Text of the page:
Suspect in missing Somalis case in court in Mplsby Rupa Shenoy, Minnesota Public Radio,
Amy Forliti, Associated Press
Minneapolis — A Somali man was in federal court in Minneapolis Tuesday, challenging charges that he lied to the FBI in a case related to the disappearance of local Somali men.
Abdow Munye Abdow, 26, was among several men in a car stopped by Nevada state troopers in October. Those men are suspected of returning to Somalia to fight with the jihadist group Al Shabab.
Authorities allege that when Abdow, who is of Somali descent, was later asked about the trip, he lied to federal agents.
The FBI has been investigating the disappearance of up to 20 young Somali men who left Minnesota over the past two years and who agents believe are fighting with a terror group in their homeland. Fourteen people have been charged in the ongoing investigation, facing a variety of accusations from recruiting and raising funds for the trips, to engaging in terrorist acts in Somalia, to perjury.
Abdow's attorney, Earl Gray, argued there was no basis for the Nevada traffic stop, so all the evidence stemming from it should be kept out of his client's case.
"They stopped them because they were five black guys in an SUV from Minnesota," Gray said after Tuesday's hearing.
During the hearing in U.S. District Court in Minneapolis, Nevada Highway Patrol Troopers Gary Smith and Neil Ferguson testified that they stopped the vehicle because it was traveling 79 mph in a 75 mph zone. Ferguson, who was driving the squad car, testified he clocked the car's speed with a radar gun, as well as through a technique called "pacing," in which he drove behind the vehicle at the same speed.
Both troopers testified they couldn't discern how many people were in the silver Chevrolet HHR, or the occupants' gender or race, until the car came to a stop. Ferguson said he obtained identification from three people in the car, including Abdow, and that Smith ran background checks on them.
The troopers learned that the car's driver, Cabdulaahi Ahmed Faarax, was on a terror watch list, but wasn't being sought on any current warrant.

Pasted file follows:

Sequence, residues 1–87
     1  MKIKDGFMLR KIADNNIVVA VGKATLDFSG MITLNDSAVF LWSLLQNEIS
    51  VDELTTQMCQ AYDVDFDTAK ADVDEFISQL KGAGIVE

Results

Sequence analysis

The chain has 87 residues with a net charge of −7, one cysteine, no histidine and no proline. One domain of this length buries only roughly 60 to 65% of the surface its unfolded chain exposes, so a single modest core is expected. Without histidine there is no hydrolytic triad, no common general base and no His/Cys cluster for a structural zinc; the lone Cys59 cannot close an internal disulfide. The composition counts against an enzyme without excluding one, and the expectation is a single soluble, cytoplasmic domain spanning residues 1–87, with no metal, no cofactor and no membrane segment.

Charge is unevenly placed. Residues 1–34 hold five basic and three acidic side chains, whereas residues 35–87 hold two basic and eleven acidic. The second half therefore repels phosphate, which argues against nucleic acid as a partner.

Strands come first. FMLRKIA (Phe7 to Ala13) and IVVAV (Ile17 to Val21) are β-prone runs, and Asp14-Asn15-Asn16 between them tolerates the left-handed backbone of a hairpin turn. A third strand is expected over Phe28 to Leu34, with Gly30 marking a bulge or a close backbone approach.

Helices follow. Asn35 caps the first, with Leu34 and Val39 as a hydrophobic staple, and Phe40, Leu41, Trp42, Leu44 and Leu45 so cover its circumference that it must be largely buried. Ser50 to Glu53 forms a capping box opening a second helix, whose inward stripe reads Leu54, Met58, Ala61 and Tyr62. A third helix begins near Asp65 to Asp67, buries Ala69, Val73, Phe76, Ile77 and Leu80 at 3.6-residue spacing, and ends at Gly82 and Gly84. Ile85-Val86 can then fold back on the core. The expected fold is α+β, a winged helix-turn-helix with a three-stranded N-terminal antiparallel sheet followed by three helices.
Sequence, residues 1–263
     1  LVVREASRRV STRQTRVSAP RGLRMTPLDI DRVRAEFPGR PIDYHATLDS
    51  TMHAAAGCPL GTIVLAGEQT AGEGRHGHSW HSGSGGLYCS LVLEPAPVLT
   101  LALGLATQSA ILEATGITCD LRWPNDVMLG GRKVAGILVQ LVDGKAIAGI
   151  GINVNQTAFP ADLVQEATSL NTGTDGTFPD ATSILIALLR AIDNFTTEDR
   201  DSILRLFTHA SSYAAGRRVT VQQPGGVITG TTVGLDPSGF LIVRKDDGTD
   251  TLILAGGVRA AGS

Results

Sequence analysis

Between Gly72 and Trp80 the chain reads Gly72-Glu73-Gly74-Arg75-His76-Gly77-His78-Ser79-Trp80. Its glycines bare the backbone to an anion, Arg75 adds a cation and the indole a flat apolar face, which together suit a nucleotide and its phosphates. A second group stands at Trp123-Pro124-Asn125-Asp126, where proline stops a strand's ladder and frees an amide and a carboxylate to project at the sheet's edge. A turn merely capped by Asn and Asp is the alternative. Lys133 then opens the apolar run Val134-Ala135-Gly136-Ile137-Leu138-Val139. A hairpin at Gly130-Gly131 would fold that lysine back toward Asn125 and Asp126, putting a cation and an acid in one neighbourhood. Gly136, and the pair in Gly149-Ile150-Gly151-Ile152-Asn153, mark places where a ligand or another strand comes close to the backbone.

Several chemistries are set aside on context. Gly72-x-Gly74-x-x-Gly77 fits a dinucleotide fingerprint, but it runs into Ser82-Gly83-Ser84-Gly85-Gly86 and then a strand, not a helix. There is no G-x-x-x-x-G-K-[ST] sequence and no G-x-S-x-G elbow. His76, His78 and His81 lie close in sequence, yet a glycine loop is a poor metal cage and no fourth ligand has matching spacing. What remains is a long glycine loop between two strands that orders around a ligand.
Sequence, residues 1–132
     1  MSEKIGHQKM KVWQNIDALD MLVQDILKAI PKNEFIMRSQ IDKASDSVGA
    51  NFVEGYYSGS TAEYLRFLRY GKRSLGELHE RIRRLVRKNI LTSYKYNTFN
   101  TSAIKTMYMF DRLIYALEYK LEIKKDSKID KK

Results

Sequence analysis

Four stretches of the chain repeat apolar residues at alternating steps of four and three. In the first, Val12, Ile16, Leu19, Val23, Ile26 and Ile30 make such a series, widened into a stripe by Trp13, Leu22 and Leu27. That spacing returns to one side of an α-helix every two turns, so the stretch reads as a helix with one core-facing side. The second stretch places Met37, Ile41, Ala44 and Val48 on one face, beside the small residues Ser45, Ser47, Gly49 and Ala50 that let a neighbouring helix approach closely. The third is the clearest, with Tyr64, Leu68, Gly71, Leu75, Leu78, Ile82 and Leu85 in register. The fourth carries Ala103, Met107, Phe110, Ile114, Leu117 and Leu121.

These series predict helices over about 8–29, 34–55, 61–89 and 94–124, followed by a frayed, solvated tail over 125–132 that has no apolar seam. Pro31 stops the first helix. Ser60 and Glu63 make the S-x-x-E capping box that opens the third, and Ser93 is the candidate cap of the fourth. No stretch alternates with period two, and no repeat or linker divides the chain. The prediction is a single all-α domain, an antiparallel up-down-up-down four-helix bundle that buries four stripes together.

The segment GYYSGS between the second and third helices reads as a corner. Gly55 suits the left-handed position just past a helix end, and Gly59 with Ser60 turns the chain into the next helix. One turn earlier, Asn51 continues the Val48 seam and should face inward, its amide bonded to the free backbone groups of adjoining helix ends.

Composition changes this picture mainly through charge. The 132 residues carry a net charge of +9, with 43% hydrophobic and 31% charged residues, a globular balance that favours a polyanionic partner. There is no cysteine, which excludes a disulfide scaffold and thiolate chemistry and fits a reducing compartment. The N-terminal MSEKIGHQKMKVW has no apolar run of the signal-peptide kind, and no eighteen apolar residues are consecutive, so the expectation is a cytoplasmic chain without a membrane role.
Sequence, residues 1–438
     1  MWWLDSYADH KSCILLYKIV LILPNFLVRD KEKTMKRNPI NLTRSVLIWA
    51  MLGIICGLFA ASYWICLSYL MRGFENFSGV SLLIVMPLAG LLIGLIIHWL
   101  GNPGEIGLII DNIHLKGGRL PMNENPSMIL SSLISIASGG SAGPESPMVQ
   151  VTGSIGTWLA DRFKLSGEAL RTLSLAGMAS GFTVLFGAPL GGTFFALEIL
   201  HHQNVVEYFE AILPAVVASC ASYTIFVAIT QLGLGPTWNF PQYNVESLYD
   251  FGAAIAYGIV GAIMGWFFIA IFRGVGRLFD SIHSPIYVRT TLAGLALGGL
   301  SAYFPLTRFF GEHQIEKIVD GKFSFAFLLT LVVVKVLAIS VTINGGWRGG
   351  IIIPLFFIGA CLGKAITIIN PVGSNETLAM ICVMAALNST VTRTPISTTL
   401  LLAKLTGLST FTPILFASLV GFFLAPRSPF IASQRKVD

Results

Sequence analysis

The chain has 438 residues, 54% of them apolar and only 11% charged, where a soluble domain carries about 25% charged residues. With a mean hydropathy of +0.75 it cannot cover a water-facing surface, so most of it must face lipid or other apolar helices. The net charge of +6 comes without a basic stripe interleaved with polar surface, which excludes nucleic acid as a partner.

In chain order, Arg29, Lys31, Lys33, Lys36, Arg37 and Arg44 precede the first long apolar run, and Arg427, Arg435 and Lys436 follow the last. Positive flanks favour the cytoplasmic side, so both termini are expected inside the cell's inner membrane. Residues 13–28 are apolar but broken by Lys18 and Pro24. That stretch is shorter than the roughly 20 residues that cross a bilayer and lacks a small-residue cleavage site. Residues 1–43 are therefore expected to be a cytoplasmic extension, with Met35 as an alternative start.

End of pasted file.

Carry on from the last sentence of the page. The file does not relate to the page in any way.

The troopers testified that while the car's occupants raised suspicion - the occupants said they were heading to San Diego for a friend's wedding but they couldn't say who was getting married, where the wedding was being held, or where they were staying - no crimes had been committed so the group was allowed to leave.
No speeding ticket was issued, but Ferguson testified he gave Faarax a verbal warning.
Abdow, who was riding in the front passenger seat, testified Tuesday that the driver was not speeding, and was traveling between 73 and 75 mph.
When asked how he knew, Abdow said they had been using cruise control.
During questioning, Assistant U.S. Attorney W. Anders Folk pointed out that Abdow hadn't been driving, that there was no speedometer on the passenger side, and that Abdow didn't set the cruise control himself. He also said Abdow never told the FBI that the car wasn't speeding. Abdow replied that the question had not been asked.
In an effort to establish Abdow's credibility, Folk began asking whether Abdow lied to the FBI, which is the charge he faces, but Gray advised Abdow to invoke his Fifth Amendment right to refuse to testify against himself.
Folk said none of Abdow's testimony should be considered because he had been unable to determine credibility.
U.S. Magistrate Judge Susan Richard Nelson made no decision on Tuesday.
More than a dozen people appeared in court to support Abdow. At one point, Nelson took a short recess because she said she saw an object being passed between members of the group. Court security checked it out and determined it was a pair of eyeglasses.